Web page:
WASHINGTON – The National Religious Broadcasters picked the day of the iPhone 5's unveiling to introduce an Internet free speech charter urging the technology company and other new media websites to embrace the First Amendment as its standard for censorship.
The international association for Christian communicators commended the company during a Wednesday panel discussion for its "spectacular" innovation but chided Apple's refusal to address their censorship of religious material – namely the Manhattan Declaration App.
Apple has resisted Christian leaders' attempts to discuss freedoms for religious expression since the pro-traditional marriage, pro-biblical values online application was taken down from Apple's App Store over two years ago.
Vice President of Operations for the Chuck Colson Center for Christian World View Steve Bradford said the late declaration creator, Colson, grieved Apple's resistance to discuss the app's removal until his dying day.
"We want a dialogue [but] the dialogue at this point seems to be in one direction – from us to them and we wait," said Craig Parshall, NRB senior vice president and director of NRB's John Milton Project for Religious Freedom.
In a renewed effort to nudge Apple and other new media companies to the table, NRB and the John Milton Project created a Free Speech Charter for the Internet. The document calls on "major web-based media technology companies to voluntarily adopt robust, free speech standards."
The proposed standards – adapted constitutional law case studies – would be: "Permit all manner of content, information and opinions on their web-based platforms regardless of the viewpoint expressed unless that content, information or opinion fits squarely within one of the 'traditional,' 'well-defined and narrowly limited classes of speech, the prevention and punishment of which have never been thought to raise any constitutional problem.'"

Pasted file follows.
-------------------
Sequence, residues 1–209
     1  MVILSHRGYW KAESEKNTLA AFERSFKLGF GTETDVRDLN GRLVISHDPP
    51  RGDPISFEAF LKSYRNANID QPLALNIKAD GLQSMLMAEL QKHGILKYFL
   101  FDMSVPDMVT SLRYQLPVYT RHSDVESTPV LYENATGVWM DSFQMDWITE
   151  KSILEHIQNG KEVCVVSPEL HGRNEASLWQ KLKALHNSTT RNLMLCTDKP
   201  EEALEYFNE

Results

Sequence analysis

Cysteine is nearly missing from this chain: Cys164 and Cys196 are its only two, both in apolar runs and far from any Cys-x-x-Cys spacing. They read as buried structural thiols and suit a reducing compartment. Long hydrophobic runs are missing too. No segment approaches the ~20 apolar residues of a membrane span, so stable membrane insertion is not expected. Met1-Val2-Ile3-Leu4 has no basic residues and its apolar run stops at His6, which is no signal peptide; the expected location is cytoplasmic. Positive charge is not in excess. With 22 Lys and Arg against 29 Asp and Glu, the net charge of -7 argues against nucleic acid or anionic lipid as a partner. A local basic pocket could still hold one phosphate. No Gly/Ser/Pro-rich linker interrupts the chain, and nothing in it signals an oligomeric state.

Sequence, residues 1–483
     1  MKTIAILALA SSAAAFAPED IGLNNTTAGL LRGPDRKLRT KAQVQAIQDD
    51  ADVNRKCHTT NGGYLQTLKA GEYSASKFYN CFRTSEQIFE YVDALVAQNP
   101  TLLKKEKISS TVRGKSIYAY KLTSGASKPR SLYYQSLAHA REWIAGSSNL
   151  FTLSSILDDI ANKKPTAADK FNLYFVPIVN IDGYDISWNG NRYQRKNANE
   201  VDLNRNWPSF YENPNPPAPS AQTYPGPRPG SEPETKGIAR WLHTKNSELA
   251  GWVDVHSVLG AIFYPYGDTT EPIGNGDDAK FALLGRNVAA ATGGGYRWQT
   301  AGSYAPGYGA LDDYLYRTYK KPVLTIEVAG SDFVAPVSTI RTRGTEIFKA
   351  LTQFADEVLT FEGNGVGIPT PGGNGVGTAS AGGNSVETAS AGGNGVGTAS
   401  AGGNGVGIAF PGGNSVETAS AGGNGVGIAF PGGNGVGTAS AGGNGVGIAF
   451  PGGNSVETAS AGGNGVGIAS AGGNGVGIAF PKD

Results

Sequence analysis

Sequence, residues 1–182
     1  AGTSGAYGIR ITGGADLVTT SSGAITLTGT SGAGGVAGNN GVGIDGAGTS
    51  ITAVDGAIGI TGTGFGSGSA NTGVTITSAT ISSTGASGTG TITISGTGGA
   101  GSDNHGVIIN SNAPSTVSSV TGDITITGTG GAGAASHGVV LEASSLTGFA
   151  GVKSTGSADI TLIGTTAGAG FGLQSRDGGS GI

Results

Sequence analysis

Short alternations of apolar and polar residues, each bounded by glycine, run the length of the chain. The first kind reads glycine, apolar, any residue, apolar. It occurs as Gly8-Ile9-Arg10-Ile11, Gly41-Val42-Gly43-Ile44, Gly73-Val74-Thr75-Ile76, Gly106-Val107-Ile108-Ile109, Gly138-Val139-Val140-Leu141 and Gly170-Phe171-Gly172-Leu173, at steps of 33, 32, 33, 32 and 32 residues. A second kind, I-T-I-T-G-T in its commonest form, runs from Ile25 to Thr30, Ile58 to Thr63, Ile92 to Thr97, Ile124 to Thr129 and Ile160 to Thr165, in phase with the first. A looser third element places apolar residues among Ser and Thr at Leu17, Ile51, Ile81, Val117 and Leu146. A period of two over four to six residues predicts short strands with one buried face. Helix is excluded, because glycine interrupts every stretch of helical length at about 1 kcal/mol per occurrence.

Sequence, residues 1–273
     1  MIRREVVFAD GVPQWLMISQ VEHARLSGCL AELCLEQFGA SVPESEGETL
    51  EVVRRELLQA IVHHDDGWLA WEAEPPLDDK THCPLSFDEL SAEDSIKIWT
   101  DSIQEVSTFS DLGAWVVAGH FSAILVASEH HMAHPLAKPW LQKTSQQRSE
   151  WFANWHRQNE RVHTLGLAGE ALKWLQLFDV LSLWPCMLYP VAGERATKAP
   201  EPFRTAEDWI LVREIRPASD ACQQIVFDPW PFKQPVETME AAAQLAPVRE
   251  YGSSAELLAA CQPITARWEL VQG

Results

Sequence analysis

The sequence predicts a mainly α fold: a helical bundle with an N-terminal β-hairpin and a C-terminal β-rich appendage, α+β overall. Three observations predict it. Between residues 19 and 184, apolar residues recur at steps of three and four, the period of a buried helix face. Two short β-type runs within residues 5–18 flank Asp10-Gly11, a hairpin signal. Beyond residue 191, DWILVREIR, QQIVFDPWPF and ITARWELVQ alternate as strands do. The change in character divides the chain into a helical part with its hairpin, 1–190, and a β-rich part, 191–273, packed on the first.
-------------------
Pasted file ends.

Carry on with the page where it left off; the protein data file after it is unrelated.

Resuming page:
Before the charter's release, the NRB and the John Milton Project found that several online companies have adopted policies to censor lawful viewpoints expressing Christian values or controversial ideas on "hot button issues."
Companies such as Facebook, Google and Comcast – dubbed by the NRB as "new media" companies – have pulled down "anti-gay" content, blocked pro-life advertising from appearing in search engine results and tampered with peer-to-peer file sharing of the King James Bible, according to its 2011 "True Liberty in A New Media Age" Report.
Apple also took down Exodus International's app from its online store. Exodus is a ministry that helps those who struggle with same-sex attraction.
Ironically, many of these new media companies value Internet openness and freedom of information.
Facebook Founder Mark Zuckerberg praised social networking for opening people up to share not only "more information and different kinds, but more openly and with more people" in a January 2010 interview with TechCrunch founder Michael Arrington.
The charter challenges, "Why should these same companies, then, execute on their platforms a free speech standard that is substantially lower and is much more anemic than the First Amendment?"
Adopting First Amendment standards would give Christian media outlets more access to the online tools necessary to reach an international audience. However, Colby May, a senior counsel and director of the Washington office of the American Center for Law and Justice, noted that asking new media companies to follow constitutional laws regarding religious free speech will be tough because they are privately owned and regulated corporations.
"You'll find out that the Googles of the world and the big players like Apple are very, very jealous to guard their rights, their full rights under the First Amendment," said May.
Parshall noted that NRB has been advised that the laws in California, where many new media companies such as Facebook are located, protect private companies' right to block certain content. Therefore, legal action against such companies would likely be unsuccessful, he said.
Senior Research Fellow at the Mercatus Center at George Mason University Adam Theirer suggested that Christian broadcasters embrace an open marketplace model and counter censored speech with more speech.
Parshall responded, saying that the NRB supports an open marketplace with standards that sets guidelines for expression. He is optimistic that Apple and other new media companies are listening to their message.
"They all have a presence here (in Washington D.C.). They spend millions of dollars on lobbyists," Parshall told The Christian Post.
He hopes that as word spreads through the media, Apple will eventually come to the table to talk.
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